God Bless,
Shelly

Tuesday, January 19, 2010

"Is George Voinovich going to screw the GOP on health care?"

"Is George Voinovich going to screw the GOP YOU on health care?"


Just popping in to relay something I stumbled across this morning. 
Yeah, yeah. Nothing political here, so look at it this way: whatever YOUR views on health care are, Voinovich represents YOU in the US Senate. He needs to know what YOU think. I don't care if he's retiring, he's still YOUR representative. Call him.


From Michelle Malkin




Sorry, I couldn’t word it any more politely than that. But the very prospect of GOP Sen. George Voinovich of Ohio bailing on his party to cast a swan song 60th vote for the government health care takeover bill makes me want to spit nails. Voinovich is meeting with President Obama at 11:30am Eastern today in the Oval Office.

Wednesday, January 13, 2010

Rant and Recipe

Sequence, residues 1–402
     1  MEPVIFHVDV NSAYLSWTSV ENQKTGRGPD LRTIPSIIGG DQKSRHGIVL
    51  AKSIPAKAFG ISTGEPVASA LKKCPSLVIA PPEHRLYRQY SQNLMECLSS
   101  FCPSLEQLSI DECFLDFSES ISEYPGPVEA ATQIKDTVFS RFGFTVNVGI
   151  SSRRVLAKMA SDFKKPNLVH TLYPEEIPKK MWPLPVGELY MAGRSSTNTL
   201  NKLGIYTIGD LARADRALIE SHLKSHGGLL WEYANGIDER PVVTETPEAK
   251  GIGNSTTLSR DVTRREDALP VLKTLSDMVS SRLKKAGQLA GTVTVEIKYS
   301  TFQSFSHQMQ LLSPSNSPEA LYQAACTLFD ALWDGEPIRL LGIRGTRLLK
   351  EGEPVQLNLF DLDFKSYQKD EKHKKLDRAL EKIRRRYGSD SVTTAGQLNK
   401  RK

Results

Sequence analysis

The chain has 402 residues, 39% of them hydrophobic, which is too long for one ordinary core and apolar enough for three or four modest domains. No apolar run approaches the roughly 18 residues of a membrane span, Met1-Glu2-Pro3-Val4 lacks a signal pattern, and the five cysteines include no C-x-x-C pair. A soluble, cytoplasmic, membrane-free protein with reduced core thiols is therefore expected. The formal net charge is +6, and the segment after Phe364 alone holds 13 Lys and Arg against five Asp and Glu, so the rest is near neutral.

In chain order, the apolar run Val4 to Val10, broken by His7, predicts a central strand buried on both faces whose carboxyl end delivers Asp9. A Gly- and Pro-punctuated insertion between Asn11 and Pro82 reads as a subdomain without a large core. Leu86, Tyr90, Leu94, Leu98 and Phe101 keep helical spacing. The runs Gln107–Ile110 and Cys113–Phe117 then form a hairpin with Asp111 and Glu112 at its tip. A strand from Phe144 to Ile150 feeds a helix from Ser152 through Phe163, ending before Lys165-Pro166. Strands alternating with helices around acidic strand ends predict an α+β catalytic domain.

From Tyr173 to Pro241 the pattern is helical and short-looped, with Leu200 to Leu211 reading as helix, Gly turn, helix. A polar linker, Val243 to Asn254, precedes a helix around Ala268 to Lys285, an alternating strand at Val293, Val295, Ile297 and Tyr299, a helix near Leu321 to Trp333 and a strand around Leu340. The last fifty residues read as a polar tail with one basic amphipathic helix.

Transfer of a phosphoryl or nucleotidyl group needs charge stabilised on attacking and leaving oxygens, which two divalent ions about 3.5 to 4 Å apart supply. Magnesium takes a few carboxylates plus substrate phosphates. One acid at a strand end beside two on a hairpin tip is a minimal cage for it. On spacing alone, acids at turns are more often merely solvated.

Well I spent most of last week watching doom and gloom on the History Channel. I've always known that the History Channel portrays specials about 2012 and the Mayan calendar, Nostradamus, and the world coming to an end. But, what really intrigued me last week, was all the shows on survival. It made me think, is someone trying to tell us something? Is there a reason this was on television. The one interesting show I thought was "After Armageddon." It was about life after a major pandemic. The show was researched thoroughly and gave examples on how human behavior will change during an TEOTWAWKI. People will get very ugly folks. The will to survive will turn the nicest people into animals. Your spouse and children will turn to you in panic looking for answers. Will you know what to do? The one thing I learned from the show is all the high tech survival gear is not going to save you. It will be your will to live. I also learned that the most important things to have is guns and ammo, water and food. In that particular order. All the supplies in the world will not help you, if you cannot defend yourself, family and home. Water is the next immediate need because after 3 or 4 days you will have succumbed to dehydration and your food will not matter. Food is a major need, but you will have 30 days until starvation sets in. I hope all of you have at least one firearm and know how to use it and food and water for at least 30 days. Do not wait till the last minute to get these items. You and everyone else will be thinking this at the last minute and you may not make it home, due to crazy people waiting in the parking lot for you to take your stuff and/or your life. I'm on a bit of a rant here and I apologize. I do want to give you an old pioneering recipe called Hardtack.